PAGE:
It is not easy to conduct market analyses. There is a lot of potential to make mistakes, and you are continually faced with the problem of not having all the information that you need. It simply isn't possible to know everything, nor it is easy to obtain all the necessary information through research. With these thoughts in mind, I would at least like to leave you with a few basic tips, to make things a bit easier for you when you conduct your own market analysis. 

 

Tip 1: Request statistical information from local authorities

It is generally in the interests of local governments for new companies to set up shop in their areas. That is why you should not hesitate to simply ask them for any market information that you are unable to obtain through your own research. They will usually be happy to assist you. 

 

Tip 2: Take advantage of external assistance

Particularly when it comes to the analyses necessary for a business launch, obtaining an outsider’s point of view can be a good thing. Having someone check your own findings or even carry out a comprehensive analysis helps to prevent you from seeing your project through rose-tinted glasses. 

 

Tip 3: Be aware of the fact that there is no such thing as a perfect analysis

There are two big problems with market analyses. For one thing, there is no way you can ever obtain all the information you want for a reasonable amount of effort, so it is not possible to conduct a perfect analysis or obtain exact findings. You will always have to make compromises due to incomplete information. In the same way, as soon as it is completed, a market analysis becomes obsolete, because it can never offer you more than a momentary snapshot of the situation. It is not possible to foresee every single development (e.g. the unexpected opening of a new fitness provider). This means that you must continue to keep a close eye on the market even after you have completed your analysis.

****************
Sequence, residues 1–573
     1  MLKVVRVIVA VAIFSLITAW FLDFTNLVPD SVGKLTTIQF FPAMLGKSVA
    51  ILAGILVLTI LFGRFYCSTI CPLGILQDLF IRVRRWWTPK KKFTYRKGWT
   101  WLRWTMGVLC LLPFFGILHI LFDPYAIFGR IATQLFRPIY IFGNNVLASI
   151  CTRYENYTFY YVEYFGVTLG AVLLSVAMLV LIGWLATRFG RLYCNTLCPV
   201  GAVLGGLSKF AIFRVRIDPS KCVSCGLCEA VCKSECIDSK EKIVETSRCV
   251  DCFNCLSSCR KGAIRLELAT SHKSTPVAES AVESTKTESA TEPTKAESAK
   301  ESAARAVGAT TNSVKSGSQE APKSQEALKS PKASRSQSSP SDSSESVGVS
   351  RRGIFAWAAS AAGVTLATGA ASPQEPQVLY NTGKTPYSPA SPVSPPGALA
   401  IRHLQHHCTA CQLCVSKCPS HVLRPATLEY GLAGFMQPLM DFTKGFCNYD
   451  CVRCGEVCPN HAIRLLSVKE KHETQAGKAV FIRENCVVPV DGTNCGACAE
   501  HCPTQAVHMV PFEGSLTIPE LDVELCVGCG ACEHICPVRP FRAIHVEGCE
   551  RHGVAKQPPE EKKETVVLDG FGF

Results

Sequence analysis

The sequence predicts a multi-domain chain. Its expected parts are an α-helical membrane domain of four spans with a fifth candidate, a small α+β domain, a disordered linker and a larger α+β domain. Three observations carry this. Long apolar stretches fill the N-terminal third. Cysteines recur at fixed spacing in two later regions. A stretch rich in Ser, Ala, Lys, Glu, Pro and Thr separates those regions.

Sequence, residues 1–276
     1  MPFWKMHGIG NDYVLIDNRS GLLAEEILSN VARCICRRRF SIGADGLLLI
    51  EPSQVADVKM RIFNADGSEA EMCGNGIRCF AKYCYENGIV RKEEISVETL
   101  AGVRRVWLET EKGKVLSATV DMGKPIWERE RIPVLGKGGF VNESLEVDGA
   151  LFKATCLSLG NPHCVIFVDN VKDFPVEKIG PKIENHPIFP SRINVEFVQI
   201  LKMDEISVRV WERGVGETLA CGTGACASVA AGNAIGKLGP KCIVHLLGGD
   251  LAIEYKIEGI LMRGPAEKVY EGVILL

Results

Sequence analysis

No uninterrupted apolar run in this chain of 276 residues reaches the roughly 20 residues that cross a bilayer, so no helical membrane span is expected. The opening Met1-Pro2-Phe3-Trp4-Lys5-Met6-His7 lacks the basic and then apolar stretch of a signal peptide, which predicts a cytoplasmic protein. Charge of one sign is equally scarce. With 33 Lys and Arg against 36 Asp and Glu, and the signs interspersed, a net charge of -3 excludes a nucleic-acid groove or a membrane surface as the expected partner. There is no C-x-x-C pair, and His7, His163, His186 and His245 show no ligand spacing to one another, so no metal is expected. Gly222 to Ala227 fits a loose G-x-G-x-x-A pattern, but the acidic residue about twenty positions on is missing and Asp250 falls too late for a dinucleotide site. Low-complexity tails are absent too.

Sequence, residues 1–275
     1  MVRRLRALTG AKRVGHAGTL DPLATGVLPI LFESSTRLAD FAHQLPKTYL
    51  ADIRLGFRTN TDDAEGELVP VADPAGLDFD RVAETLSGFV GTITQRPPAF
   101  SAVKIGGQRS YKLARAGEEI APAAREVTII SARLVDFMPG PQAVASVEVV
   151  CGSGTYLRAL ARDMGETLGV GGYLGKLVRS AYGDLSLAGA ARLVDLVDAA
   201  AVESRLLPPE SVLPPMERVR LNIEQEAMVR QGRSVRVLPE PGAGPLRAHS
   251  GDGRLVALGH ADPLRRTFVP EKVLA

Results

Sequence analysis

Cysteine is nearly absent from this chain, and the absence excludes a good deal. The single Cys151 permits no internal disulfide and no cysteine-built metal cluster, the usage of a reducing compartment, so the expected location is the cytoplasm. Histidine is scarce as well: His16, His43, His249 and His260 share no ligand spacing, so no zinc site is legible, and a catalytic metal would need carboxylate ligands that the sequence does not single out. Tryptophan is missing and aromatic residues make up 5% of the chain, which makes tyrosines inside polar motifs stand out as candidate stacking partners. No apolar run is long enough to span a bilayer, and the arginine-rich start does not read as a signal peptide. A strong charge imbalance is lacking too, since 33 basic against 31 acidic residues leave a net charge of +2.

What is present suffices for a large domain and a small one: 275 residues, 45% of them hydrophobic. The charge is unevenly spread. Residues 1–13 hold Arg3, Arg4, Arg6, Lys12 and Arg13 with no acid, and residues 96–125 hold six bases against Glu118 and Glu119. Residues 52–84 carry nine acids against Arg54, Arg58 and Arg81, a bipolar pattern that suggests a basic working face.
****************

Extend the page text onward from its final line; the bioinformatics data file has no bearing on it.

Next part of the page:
Conclusion

Market analyses are very complex, and this means that they have to be conducted with the greatest possible care. Any mistakes made at this early stage of launching a new business can have far-reaching effects on the entire undertaking. No matter how complex the process, never take your eye off the ball. After all, perhaps your analyses will uncover some entirely unexpected findings that could prove to be extremely useful later on in your project.

 

 

About Hashtag Fitnessindustrie

Hashtag Fitnessindustrie is the podcast dedicated to every aspect of the German fitness industry and of the people in it. It aims to facilitate knowledge transfer amongst interview guests and listeners – to the benefit of the entire industry. The podcast covers not only the latest trends and developments, but also fundamental strategic issues in the daily business of fitness providers. For more information: https://hashtag-fitnessindustrie.de